A map showing the locations of prison populations across the U.S. (Photo courtesy CSU Geospatial Centroid)
Researchers at Colorado State University’s Geospatial Centroid and the Department of Anthropology and Geography will spend the next year mapping the environmental injustices that occur at hundreds of prisons across the United States.
“This is a relatively understudied field of research, and we’re hoping that what we learn can create real change for vulnerable populations,” said Caitlin Mothes, a research and program coordinator for the Geospatial Centroid.
The research is funded by a $100,000 Equity and Environmental Justice Grant from NASA. Mothes is the principal investigator on the project, and will work alongside CSU Geospatial Centroid Technical Manager Dan Carver and Assistant Professor of Geography Carrie Channault to use the agency’s geospatial data to build a publicly -accessible map showing the environmental risk level presented by the locations of the more than 1,800 prisons in the country.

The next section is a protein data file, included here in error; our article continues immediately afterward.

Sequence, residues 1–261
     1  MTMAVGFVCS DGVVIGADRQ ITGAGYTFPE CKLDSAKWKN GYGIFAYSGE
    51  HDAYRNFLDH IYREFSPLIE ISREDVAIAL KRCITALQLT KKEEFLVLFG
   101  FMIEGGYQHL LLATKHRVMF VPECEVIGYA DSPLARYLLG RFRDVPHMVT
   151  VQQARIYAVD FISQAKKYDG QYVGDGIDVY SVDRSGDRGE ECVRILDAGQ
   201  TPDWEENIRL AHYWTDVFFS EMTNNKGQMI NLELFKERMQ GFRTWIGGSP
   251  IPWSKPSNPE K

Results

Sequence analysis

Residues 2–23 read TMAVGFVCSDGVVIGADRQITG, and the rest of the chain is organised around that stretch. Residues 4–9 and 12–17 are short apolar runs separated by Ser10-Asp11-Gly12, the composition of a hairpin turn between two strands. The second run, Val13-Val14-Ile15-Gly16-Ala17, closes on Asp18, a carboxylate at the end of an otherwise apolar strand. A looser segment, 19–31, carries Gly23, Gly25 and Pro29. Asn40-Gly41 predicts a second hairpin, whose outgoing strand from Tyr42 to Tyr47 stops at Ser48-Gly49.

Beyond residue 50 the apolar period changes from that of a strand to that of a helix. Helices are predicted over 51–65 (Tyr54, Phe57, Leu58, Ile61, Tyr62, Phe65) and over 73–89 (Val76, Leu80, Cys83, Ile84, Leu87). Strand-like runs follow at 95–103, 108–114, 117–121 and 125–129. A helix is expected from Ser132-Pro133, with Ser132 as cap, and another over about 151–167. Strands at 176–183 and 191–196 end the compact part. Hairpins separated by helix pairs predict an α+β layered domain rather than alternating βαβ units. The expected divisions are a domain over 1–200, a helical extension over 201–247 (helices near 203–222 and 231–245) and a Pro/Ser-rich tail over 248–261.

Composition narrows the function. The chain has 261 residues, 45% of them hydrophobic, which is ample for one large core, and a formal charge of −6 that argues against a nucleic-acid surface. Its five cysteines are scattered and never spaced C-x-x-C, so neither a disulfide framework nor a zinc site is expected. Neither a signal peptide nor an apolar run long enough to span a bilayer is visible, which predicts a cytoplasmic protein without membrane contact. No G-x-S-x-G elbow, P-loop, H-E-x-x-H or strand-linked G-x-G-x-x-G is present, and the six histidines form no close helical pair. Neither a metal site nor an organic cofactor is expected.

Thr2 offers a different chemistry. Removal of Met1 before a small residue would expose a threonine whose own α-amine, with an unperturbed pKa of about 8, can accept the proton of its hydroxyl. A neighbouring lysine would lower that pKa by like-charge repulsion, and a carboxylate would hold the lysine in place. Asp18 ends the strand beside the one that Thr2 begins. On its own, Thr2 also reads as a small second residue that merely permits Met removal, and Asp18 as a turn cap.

In some of these prisons, summer heat waves can create indoor heat indexes of more than 150 degrees. Others experience poor air quality due to nearby wildfires, and potential contamination due to environmental risks like nearby landfills.
Mothes will develop three component scores to characterize the environmental characteristics of each prison: climate risk, environmental exposures and environmental effects. She will then use those numbers to calculate a single environmental vulnerability index, which will be shown on the map.
These numbers encapsulate everything from heat index to wildfire risk to proximity to superfund sites.
“This work will give us a greater understanding of the environmental injustices faced by incarcerated people who are living and working in U.S. prisons every day,” Chennault said.
Chennault is the co-director of the CSU Prison Agriculture Lab. She hopes that this research will expand knowledge about outdoor prison labor, including in prison farms and gardens.
The results will be available next fall.
For more information on the Geospatial Centroid, visit: https://gis.colostate.edu/